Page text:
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Soil spectroscopy

The time, cost, and labour intensiveness of current methods for soil analysis necessitate a shift to rapid and cheaper alternatives. Recent advances in sensing technologies are promising and offer potentially effective methods for soil property quantification and characterisation. 

Our aim is to use novel breakthrough technologies. We adapt such state-of-art spectroscopic methods as: 

  • Visible Near-Infrared (vis-NIR)
  • Mid Infrared (MIR)
  • Laser-Induced Breakdown Spectroscopy (LIBS) 

Application of infrared spectroscopy (IR) for the analysis of the key soil properties is based on the fact that spectra hold information on soil fundamental composition − its organic and inorganic materials. IR is a fast, non-invasive and inexpensive analytical method that can be applied for both laboratory and field analysis.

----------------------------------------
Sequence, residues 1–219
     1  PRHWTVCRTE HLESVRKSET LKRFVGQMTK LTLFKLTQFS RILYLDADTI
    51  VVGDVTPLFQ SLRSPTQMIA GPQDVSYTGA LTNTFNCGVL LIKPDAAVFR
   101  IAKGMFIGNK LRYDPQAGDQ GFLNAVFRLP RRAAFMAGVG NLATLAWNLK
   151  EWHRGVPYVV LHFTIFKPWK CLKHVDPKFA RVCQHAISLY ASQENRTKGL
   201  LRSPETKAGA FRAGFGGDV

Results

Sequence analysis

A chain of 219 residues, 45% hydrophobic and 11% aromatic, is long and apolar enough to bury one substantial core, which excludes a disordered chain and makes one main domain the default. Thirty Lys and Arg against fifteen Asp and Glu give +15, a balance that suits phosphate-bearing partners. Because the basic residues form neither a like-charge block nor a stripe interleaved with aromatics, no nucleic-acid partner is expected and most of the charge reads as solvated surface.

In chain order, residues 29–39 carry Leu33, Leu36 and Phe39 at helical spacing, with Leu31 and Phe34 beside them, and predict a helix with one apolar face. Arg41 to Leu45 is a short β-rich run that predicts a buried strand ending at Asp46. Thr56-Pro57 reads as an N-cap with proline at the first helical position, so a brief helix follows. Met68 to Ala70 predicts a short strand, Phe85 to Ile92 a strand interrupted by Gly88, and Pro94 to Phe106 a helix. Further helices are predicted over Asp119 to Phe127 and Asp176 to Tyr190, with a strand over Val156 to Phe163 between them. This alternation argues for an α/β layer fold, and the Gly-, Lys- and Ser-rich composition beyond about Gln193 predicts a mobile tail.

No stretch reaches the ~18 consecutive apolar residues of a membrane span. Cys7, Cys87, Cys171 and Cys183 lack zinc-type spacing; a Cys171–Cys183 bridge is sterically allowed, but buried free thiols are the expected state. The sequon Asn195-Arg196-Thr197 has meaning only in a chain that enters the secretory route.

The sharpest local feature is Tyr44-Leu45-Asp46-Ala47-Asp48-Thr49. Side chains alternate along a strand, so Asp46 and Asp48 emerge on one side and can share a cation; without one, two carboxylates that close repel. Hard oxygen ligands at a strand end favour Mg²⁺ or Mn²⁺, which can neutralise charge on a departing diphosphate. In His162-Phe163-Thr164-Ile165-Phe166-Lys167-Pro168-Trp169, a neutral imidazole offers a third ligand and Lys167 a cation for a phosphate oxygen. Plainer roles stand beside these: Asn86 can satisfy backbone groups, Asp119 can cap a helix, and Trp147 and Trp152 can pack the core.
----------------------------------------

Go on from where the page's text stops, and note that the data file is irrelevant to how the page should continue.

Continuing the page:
LIBS is a rapid multi-elemental analytical method. It is based on analysis of the atomic spectral lines in the spectrum of light emitted by a laser-induced plasma, where the emitted light is characteristic of the compositional elements present in the sample. It is also chemical-free and requires a minimum sample preparation. 

We apply a fusion of vis-NIR, MIR, and LIBS techniques in conjunction with advanced multivariate data analysis to determine a wide range of soil characteristics in a cheaper and faster manner. This approach provides more insight on fundamental understanding of soil and its functions. 

Spectroscopy-based soil characterisation is also used by the scientists in modelling and digital soil mapping. In practice the investigated methods and approach proposed here can be also employed by farmers and agricultural consultancy companies in the regulatory decision-making process.    

Maria Knadel

Tenure Track assistant professor Department of Agroecology - Soil Physics and Hydropedology